I imitated one of my fictional stories and joined a writers’ group at the nearby library last November. The group is fluid, consisting of about five older regulars and a revolving number of newcomers (to me). They meet the second and fourth Monday on the month to read our stuff and have it critiqued.
My attendance had been interrupted by first by the holidays, then visitors and finally an unshakable writing paralysis. I’d submitted an old ghost story for the group to review and happily survived the process. Nobody skewered me; they’d enjoyed the story (although it needed a few tweaks) and looked forward to seeing more of my work.
But my muse was missing in action. How could I critique others’ work when I had nothing really to offer up? Many in the group were working on novels and bringing in chapters. I hadn’t written anything for quite some time and felt like a fraud. Walking past the library to the local cantina, I remembered that it was again the fourth Monday of the month. I mulled over a rather delicious strawberry margarita. Should I go? Sure, said the margarita. There will be other muses there. Maybe you’ll catch one! Making a mental note not to order a big drink next time, I rushed to the meeting, hoping to catch a muse that was non-alcoholic.
The regulars greeted me as if I’d never been away but no muse jumped me at the door. The usual suspects pulled out their book chapters. Wait, I blurted out. Does anybody have writer’s block? One man raised his hand. We exchanged battle weary sighs. You just have to write, said the novelists. You just have to sit down and do it. Don’t wait for a muse. Try to write a sentence differently. Write nonsense. But you just have to write and the rest will come. The facilitator asked who would submit a story for next time? Well, I had a short story. It’s old, I added as if an apology. We wouldn’t have known that until you told us, they said. It doesn’t matter. Then they bowed their heads and began critiquing.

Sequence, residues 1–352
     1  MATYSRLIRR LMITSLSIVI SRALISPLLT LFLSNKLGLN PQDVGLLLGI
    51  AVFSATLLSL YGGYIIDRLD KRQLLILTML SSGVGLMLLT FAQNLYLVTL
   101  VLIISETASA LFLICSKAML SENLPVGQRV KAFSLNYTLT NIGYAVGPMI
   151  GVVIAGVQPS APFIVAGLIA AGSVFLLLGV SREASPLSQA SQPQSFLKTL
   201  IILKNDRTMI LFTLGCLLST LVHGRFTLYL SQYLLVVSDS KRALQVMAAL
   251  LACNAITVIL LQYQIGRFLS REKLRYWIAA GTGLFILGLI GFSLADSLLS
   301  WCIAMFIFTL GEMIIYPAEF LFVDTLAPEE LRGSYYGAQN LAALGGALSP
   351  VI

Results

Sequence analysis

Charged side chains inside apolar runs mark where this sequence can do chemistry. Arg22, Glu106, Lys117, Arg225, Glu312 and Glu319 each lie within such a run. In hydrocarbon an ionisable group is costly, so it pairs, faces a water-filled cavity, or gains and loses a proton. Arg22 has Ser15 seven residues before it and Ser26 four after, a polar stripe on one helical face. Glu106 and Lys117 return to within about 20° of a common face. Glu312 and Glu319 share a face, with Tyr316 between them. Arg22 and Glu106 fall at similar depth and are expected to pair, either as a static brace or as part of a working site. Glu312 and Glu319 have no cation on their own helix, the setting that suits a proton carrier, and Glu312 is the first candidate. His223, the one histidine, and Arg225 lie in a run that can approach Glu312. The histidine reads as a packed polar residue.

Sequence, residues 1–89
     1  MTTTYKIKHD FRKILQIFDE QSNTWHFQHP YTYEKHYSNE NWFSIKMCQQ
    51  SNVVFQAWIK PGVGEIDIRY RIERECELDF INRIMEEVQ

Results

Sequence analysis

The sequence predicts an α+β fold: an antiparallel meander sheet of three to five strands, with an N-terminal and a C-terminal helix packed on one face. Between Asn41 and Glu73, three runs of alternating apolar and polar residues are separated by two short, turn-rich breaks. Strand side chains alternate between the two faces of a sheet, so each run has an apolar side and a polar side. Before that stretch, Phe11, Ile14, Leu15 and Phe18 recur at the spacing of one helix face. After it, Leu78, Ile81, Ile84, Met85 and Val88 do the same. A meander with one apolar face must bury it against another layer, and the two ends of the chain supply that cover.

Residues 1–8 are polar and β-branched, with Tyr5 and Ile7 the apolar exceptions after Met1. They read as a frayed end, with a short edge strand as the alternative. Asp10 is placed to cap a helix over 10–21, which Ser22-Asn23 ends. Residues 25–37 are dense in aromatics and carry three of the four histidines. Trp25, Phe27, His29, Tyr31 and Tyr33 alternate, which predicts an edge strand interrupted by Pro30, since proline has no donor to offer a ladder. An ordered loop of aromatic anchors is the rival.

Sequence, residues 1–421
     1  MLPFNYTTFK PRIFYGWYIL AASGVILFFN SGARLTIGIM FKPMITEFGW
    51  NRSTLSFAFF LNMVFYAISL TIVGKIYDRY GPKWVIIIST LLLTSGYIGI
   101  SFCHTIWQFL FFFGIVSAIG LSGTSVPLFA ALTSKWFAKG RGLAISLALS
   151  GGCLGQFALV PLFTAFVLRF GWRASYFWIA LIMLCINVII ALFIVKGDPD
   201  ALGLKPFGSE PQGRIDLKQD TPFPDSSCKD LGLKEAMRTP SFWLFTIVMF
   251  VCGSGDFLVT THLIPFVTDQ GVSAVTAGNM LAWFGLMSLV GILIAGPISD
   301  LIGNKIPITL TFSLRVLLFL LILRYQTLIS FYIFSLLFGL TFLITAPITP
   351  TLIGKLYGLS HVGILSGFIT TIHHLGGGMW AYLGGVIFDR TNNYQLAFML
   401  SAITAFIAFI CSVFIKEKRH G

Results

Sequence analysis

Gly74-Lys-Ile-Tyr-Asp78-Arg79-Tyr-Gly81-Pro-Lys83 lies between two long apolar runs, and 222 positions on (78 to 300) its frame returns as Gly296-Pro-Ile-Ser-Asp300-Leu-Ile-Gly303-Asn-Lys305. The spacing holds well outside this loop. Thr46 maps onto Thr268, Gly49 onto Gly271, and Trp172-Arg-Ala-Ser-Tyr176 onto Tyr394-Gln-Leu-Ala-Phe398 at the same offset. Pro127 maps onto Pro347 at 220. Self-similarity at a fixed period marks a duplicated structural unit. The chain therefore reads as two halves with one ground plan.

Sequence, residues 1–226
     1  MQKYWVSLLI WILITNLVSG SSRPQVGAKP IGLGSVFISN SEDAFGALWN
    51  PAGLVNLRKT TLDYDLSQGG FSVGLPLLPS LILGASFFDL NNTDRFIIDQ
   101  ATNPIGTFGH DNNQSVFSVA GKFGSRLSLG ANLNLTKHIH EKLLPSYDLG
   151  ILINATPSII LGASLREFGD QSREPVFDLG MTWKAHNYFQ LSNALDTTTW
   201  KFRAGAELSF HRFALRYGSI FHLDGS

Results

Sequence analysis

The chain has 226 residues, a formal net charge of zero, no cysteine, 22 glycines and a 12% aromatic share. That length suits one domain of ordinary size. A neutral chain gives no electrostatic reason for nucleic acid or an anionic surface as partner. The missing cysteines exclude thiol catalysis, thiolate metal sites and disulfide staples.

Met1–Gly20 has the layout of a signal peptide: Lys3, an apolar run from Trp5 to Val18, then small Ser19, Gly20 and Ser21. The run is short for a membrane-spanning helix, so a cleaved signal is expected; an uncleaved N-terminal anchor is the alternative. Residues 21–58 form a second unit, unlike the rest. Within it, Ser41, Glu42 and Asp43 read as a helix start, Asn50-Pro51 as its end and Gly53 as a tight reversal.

I looked around the room at the writers laboring over their literary children. Some were inspired, some weren’t. Then I recalled that the man with his writer’s block had yet to submit a completed story while I was there, but he never missed a meeting. That’s tenacity.
Even though I already intellectually knew their advice, there’s nothing like a group of writers poring over their work, saying it aloud that puts things in perspective.